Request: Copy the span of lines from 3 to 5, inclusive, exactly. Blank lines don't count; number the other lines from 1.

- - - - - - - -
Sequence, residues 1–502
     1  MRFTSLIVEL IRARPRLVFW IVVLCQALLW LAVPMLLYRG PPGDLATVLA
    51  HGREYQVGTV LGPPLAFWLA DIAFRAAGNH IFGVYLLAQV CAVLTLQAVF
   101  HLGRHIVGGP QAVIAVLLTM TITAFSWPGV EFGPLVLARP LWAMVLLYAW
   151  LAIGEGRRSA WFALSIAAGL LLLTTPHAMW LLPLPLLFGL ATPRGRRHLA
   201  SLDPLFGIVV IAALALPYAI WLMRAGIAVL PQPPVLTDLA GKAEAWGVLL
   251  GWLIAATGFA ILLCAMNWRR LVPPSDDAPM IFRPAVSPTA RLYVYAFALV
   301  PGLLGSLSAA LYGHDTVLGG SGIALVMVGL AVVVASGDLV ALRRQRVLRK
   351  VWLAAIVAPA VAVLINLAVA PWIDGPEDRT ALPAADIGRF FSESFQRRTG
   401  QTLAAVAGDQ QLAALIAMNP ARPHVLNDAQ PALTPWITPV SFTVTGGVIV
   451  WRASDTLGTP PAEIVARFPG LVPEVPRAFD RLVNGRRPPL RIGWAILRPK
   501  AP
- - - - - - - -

    51  HGREYQVGTV LGPPLAFWLA DIAFRAAGNH IFGVYLLAQV CAVLTLQAVF
   101  HLGRHIVGGP QAVIAVLLTM TITAFSWPGV EFGPLVLARP LWAMVLLYAW
   151  LAIGEGRRSA WFALSIAAGL LLLTTPHAMW LLPLPLLFGL ATPRGRRHLA